Rhonda: Oh, wow. Didn't know that.
Terry: So, I'm very fond of mushrooms for those benefits.
Rhonda: Yeah. I like mushrooms, but that there's some preliminary research from our lab which I probably can't talk about too much because the person working on it hasn't published it yet. But there is something in it called ergothioneine which is in mushrooms. And actually it's been found to be accumulated in mitochondria and we think it's a new antioxidant in mitochondria. So, hopefully that will be published soon.
Terry: Published soon.
Rhonda: Yes. I mean, some of that what I mentioned is already known. So, it's known that it's in mushrooms and it's known that this stuff accumulates in mitochondria.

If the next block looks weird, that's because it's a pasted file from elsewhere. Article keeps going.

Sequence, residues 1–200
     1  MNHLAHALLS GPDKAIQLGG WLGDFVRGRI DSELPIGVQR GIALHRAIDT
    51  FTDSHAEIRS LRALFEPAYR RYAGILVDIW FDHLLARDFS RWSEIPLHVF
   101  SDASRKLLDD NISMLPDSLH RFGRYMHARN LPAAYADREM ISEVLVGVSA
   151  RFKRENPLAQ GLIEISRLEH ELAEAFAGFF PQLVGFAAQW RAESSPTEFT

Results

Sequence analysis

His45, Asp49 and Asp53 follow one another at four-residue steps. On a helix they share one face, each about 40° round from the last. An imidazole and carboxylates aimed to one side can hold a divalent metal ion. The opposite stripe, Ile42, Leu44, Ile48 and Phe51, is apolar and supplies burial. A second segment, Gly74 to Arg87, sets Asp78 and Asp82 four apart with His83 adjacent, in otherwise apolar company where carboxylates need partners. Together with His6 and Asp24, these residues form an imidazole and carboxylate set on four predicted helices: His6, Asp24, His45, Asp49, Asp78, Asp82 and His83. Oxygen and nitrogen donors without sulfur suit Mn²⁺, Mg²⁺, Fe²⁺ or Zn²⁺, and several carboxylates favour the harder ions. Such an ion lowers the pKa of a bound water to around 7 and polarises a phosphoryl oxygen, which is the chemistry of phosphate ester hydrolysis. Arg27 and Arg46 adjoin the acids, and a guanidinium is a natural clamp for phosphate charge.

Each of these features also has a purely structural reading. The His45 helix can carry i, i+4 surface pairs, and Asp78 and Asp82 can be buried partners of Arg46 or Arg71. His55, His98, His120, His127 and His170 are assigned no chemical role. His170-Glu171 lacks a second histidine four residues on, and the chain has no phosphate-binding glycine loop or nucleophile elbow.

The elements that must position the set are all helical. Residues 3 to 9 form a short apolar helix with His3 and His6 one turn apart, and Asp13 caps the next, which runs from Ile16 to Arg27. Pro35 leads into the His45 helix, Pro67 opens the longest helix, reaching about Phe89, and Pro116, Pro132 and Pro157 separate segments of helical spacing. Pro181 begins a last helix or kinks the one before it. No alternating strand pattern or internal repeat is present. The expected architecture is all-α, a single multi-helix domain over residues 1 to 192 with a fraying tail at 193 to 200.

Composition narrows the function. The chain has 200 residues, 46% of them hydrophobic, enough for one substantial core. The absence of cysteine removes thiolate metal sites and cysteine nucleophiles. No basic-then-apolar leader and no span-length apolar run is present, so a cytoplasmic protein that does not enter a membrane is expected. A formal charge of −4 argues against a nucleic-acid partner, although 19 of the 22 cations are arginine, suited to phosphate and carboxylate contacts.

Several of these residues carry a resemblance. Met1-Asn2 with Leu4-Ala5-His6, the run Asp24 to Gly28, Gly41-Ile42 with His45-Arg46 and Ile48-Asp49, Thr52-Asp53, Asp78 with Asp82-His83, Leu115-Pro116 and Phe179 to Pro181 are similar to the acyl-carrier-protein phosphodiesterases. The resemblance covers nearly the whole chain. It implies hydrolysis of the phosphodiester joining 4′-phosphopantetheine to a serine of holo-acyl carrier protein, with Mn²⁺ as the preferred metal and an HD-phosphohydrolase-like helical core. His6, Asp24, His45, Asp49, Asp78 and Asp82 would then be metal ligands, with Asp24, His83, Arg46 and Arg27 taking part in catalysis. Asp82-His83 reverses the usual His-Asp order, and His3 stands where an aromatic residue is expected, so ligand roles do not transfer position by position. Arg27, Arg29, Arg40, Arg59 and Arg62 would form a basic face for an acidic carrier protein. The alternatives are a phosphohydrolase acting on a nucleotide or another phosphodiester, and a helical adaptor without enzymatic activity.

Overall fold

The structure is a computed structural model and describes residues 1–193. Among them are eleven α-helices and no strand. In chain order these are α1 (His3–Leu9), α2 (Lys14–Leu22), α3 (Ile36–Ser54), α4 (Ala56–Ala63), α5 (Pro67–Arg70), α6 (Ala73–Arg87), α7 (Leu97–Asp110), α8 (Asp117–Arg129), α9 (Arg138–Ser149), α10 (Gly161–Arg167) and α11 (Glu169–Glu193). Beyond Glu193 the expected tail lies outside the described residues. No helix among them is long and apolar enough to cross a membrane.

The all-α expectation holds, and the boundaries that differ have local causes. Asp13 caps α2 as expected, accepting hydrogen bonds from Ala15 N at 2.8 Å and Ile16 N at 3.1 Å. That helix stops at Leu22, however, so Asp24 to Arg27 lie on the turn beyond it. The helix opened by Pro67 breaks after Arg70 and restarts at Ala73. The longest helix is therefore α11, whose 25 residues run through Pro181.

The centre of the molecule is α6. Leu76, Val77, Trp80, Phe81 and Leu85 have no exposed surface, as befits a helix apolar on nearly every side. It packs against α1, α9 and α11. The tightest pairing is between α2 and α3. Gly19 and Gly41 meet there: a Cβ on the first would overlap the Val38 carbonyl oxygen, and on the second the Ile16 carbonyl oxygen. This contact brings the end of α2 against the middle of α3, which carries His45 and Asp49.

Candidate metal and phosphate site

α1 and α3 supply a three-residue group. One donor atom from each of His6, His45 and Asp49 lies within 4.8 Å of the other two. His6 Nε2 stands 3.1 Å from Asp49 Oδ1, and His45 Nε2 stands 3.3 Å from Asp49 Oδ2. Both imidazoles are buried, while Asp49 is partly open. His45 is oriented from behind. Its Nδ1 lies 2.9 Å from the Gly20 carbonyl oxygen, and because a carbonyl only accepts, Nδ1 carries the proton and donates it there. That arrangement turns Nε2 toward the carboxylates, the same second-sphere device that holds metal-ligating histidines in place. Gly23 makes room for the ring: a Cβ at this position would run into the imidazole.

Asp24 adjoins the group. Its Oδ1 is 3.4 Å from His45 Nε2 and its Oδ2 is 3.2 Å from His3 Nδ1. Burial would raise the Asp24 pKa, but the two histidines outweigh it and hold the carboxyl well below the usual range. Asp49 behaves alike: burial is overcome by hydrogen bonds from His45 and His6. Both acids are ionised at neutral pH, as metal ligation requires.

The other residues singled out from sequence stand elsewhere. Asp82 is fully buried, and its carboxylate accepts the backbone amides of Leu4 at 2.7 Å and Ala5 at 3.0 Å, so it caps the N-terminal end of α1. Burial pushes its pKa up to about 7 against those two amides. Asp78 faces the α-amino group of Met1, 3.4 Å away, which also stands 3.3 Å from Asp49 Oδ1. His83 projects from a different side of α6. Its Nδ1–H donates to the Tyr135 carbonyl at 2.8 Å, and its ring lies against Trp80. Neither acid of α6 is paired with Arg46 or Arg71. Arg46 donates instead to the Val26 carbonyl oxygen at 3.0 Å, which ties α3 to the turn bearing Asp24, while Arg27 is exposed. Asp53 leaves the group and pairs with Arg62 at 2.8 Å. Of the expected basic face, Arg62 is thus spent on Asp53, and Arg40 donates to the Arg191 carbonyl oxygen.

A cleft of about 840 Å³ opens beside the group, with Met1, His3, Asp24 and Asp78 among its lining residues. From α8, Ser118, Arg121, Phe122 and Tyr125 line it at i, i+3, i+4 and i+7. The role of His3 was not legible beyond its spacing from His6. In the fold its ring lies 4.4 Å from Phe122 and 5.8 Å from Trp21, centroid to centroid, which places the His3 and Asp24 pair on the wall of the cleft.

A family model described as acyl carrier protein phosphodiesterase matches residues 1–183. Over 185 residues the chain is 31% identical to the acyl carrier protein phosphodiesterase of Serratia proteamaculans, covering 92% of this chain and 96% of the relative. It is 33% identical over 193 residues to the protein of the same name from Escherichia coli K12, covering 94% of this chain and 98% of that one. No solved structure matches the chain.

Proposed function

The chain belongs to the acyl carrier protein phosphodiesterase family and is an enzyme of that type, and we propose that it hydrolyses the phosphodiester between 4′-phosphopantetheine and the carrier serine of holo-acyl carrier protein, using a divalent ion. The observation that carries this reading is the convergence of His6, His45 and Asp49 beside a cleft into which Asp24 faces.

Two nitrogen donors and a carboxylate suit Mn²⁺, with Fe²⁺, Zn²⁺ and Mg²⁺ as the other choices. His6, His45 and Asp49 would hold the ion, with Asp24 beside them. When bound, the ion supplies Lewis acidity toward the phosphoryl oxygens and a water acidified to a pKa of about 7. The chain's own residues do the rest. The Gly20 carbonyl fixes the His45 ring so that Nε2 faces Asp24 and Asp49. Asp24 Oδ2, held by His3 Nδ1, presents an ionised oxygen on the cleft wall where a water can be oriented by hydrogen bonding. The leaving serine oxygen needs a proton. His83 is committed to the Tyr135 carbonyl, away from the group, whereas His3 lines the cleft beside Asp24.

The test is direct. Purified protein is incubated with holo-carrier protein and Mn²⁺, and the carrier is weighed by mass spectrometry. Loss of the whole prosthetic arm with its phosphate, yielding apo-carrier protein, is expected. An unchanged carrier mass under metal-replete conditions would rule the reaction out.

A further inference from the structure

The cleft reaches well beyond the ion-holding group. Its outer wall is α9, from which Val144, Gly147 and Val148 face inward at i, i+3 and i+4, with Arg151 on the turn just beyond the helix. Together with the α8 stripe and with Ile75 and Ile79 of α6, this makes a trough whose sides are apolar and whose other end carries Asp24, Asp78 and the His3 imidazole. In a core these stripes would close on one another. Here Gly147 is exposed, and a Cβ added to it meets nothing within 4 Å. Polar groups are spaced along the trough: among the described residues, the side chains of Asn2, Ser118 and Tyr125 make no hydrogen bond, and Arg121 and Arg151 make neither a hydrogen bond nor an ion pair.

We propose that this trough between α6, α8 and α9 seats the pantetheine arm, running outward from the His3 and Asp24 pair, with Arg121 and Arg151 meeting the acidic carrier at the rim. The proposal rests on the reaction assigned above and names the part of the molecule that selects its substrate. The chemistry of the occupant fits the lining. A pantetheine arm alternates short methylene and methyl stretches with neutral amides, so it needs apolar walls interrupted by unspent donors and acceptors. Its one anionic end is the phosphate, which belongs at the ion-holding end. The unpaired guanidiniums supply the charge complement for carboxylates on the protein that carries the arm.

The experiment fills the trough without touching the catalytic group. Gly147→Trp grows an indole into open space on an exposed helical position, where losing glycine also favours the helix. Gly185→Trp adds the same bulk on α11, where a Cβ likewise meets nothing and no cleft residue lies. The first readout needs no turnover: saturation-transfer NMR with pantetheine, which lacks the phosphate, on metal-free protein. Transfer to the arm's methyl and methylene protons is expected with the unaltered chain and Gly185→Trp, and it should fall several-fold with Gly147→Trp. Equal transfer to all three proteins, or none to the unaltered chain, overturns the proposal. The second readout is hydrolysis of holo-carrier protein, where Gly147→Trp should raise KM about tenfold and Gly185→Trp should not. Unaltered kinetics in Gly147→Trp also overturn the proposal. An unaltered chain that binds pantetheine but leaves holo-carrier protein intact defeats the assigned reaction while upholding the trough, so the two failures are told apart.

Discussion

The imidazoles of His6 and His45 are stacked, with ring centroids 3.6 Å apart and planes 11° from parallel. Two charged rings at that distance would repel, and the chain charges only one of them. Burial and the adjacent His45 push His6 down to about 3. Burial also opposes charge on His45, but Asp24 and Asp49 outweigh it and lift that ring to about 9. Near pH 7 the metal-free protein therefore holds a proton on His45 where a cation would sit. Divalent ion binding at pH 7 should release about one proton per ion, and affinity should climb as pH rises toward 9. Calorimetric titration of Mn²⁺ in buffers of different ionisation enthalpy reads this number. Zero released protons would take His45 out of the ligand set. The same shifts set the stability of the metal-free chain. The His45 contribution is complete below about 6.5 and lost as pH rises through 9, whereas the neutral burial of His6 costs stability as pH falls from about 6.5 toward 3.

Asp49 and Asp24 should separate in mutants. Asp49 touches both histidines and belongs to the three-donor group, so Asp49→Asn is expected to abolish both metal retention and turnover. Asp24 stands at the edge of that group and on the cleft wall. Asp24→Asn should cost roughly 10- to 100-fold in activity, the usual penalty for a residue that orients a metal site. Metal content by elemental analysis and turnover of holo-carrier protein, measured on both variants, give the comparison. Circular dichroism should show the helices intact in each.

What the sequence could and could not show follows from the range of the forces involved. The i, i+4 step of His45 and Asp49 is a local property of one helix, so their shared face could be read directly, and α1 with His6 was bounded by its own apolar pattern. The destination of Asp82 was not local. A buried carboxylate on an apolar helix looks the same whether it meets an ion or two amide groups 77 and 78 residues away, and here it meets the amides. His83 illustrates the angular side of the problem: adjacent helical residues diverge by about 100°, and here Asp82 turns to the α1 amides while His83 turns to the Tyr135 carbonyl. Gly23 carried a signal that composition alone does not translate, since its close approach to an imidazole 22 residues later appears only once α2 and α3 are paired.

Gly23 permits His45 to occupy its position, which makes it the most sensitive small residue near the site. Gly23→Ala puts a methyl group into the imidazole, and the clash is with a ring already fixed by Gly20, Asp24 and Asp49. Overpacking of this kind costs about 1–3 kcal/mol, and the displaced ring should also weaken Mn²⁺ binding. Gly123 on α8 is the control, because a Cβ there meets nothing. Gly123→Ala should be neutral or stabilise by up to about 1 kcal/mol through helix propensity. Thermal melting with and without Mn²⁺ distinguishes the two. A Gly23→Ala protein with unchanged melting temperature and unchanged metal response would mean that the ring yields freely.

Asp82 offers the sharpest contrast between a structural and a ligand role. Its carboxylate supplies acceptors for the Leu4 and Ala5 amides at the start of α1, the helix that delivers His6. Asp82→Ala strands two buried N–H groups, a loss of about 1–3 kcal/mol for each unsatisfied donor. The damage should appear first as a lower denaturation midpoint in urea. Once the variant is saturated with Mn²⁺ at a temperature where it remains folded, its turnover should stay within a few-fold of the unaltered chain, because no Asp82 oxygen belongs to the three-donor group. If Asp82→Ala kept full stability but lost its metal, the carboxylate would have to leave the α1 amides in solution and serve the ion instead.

Terry: So, briefly, I'm diagnosed with relapsing-remitting multiple sclerosis the year 2000 on the basis of a history of visual dimming 13 years earlier, weakness of the left leg. I had an MRI, my brain and spinal cord have lesions at the level of my neck, the spinal fluid was abnormal with oligo bands. I was diagnosed with relapsing-remitting MS. I then, being an academic doc, wanted to see the best people in the country. I went to the MS clinic at the Cleveland Clinic, took the latest drugs, still within three years my disease had transitioned to secondary progressive. And in that phase, you're steadily declining, there's no more improvement. I took mitoxantrone and then I took Tysabri. It was apparent that conventional medicine was failing me. I was headed towards becoming demented and bedridden ultimately from my illness. That's when I decided to start taking matters into my own hands. I began reading the mouse and animal models of MS, decided mitochondria were key, did more research, found some micronutrients that were helpful, took those. It slowed my decline, but I was not recovering.